The Honeymoon Machine

The Honeymoon Machine is a 1961 American comedy film directed by Richard Thorpe and starring Steve McQueen, Brigid Bazlen, Jim Hutton, Paula Prentiss, Jack Mullaney, and Dean Jagger, based on the 1959 Broadway play The Golden Fleecing by Lorenzo Semple Jr. In the film, three men devise a plan to win at roulette with a United States Navy computer. The scheme works until an admiral ruins their plans.[2]

The Honeymoon Machine
Honeymoon Machine 1961.jpg
Theatrical 1961 film release poster
by Reynold Brown
Directed byRichard Thorpe
Written byGeorge Wells
Based onThe Golden Fleecing
by Lorenzo Semple Jr.
Produced byLawrence Weingarten
StarringSteve McQueen
Brigid Bazlen
Jim Hutton
Paula Prentiss
Dean Jagger
Jack Weston
Jack Mullaney
CinematographyJoseph LaShelle
Edited byBen Lewis
Music byLeigh Harline
Distributed byMetro-Goldwyn-Mayer
Release date
  • August 23, 1961 (1961-08-23) (New York City)
Running time
84 minutes
CountryUnited States
Box office$2 million[1]


Civilian scientist Jason Eldridge runs Magnetic Analyzer Computing Synchrotron (MACS), a vacuum tube computer aboard the United States Navy ship USS Elmira. He and his friend Lt. Ferguson Howard realize that, by using MACS to record a roulette table's spins over time, the computer can predict future results. Howard and LTJG Beauregard Gilliam check into a Venice casino's hotel dressed as civilians with Eldridge, defying Admiral Fitch's order that naval officers on shore avoid the casino and wear uniforms. They plan to use signal lamps to communicate with a confederate manning MACS on the Elmira.

At the hotel, dedicated bachelor Howard meets and romances Julie Fitch, the admiral's daughter. Eldridge reunites with former girlfriend and heiress Pam Dunstan, in Venice to marry another man. The betting system is very effective, and the three men accumulate hundreds of thousands of dollars in casino chips; the money gives Eldridge the confidence to propose to Dunstan. However, Admiral Fitch sees and investigates their signals; soon the Navy, the American and Soviet consulates, and Venice city authorities are on alert for a "revolution".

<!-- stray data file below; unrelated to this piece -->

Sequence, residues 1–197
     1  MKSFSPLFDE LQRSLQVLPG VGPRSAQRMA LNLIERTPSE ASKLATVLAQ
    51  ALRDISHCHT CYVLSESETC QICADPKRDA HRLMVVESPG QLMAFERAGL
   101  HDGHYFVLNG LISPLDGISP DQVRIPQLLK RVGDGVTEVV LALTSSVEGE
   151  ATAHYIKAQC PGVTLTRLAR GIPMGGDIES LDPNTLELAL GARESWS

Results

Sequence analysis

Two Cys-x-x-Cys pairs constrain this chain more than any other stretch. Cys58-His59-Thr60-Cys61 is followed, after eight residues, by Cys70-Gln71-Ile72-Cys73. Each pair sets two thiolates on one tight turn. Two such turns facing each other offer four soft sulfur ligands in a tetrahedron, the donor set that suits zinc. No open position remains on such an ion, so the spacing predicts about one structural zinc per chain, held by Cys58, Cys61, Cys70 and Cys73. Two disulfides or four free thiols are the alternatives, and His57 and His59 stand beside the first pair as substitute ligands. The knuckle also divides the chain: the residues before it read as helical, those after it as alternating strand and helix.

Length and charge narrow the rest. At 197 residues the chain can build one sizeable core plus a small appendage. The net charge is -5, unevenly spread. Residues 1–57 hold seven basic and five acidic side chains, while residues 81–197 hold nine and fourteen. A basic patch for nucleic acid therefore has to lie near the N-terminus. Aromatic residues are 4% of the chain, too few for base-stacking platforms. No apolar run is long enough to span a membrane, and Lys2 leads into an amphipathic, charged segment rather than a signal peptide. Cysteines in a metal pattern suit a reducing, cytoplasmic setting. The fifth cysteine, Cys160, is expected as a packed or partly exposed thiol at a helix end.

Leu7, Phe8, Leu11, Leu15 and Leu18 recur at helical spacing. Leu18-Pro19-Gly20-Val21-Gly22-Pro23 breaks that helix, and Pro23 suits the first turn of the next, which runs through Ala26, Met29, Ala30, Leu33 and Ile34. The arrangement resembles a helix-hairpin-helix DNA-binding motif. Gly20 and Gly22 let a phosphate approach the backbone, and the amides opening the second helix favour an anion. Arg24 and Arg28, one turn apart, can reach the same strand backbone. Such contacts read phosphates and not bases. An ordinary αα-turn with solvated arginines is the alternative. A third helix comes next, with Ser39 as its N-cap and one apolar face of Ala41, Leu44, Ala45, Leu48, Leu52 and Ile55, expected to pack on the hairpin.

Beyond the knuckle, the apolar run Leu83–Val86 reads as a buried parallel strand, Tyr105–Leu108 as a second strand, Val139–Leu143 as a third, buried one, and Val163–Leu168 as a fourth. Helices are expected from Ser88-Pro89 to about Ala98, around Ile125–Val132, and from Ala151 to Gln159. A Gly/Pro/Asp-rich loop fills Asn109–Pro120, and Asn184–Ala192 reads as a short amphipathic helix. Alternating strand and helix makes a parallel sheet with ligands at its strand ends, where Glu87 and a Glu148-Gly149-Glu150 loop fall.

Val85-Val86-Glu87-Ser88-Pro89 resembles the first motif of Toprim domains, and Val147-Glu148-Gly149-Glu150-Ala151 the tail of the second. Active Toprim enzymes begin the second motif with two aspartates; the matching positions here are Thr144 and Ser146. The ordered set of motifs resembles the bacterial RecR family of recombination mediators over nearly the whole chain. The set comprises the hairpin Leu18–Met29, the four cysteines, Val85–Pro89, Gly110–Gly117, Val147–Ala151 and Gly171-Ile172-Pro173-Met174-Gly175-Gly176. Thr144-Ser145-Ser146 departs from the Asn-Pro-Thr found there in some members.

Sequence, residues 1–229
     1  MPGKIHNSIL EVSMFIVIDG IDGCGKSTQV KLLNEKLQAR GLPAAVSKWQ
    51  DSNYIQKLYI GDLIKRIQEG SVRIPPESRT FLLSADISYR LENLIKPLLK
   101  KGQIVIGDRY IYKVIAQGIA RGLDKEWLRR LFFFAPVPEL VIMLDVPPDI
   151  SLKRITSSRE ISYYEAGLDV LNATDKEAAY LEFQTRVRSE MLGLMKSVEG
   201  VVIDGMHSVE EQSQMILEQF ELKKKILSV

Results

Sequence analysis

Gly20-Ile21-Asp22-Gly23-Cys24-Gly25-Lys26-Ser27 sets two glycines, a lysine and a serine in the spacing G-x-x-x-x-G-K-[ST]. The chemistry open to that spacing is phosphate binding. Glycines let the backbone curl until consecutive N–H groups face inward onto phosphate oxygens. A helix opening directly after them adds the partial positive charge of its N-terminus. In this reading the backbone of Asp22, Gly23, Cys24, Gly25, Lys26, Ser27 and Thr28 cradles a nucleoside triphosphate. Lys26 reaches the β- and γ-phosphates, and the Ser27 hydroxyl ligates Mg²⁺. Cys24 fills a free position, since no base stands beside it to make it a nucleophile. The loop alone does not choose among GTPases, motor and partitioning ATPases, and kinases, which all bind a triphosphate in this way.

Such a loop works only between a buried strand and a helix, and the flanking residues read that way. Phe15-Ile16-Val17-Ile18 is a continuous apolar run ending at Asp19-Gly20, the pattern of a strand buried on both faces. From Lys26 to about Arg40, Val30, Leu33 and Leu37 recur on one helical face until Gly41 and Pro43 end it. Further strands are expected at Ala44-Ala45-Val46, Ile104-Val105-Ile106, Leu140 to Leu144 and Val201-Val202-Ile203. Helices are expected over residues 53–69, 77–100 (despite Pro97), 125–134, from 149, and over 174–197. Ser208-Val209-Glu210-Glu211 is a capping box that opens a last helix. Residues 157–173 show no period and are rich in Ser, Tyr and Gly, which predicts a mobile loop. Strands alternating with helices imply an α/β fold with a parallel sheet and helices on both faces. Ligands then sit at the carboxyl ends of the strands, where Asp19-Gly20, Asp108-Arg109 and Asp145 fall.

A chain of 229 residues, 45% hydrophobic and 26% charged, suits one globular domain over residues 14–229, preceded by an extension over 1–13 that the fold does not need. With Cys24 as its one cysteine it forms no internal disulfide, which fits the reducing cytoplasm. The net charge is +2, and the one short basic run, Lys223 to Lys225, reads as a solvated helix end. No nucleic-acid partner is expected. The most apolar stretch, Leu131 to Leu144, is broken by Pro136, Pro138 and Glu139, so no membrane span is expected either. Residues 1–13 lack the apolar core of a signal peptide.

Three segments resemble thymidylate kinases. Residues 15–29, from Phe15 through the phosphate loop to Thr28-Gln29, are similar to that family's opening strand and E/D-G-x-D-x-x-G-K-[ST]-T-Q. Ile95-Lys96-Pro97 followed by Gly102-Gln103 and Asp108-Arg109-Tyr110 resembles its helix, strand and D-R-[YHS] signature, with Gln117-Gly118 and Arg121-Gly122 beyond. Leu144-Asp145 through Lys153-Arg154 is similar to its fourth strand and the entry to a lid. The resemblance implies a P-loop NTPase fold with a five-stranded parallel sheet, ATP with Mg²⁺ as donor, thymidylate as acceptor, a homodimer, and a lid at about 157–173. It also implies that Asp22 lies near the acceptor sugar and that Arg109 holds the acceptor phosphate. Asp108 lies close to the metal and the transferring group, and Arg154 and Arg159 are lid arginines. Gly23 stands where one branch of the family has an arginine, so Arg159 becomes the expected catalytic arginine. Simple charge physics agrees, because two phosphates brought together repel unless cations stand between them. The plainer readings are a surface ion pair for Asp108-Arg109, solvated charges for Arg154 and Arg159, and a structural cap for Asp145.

The gamblers get Signalman Burford Taylor, who finds their signal lamp, drunk to detain him, but Taylor escapes and reports to the admiral. Julie Fitch tells her father that she and Howard have "got to marry" each other to save him from court-martial. The Soviets accuse the Navy of using MACS to steal from the casino. To avoid an international incident Howard agrees to intentionally lose all his chips on his last bet, but a riot breaks out between Soviets, Americans, and Italians in the casino over the chips. The movie ends with newlyweds Howard and Fitch celebrating their honeymoon in the hotel.



Bosley Crowther, critic for The New York Times was unimpressed, writing "It is a wild and labored operation, and when it finally comes to an end, one wonders whether it has even been bona fide farce."[4] He did, however, appreciate the efforts of the main cast: "It profits by pleasant performers. Jim Hutton, Jack Mullaney and Steve McQueen work hard as the three connivers."[4]

Steve McQueen walked out of the first public sneak preview and vowed never to work for MGM again despite being under contractual obligation for two more pictures.[3]

Box OfficeEdit

According to MGM records, the film made a profit of $122,000.[5]

See alsoEdit


  1. ^ "1961 Rentals and Potential". Variety. 10 Jan 1961. p. 58.
  2. ^ The Honeymoon Machine at the American Film Institute Catalog.
  3. ^ a b Eliot, Marc (2011). Steve McQueen: A Biography. NY: Three Rivers Press. ISBN 978-0307453228. Retrieved 30 December 2017.
  4. ^ a b Bosley Crowther (August 24, 1961). "Honeymoon Machine". The New York Times.
  5. ^ The Eddie Mannix Ledger, Los Angeles: Margaret Herrick Library, Center for Motion Picture Study.

External linksEdit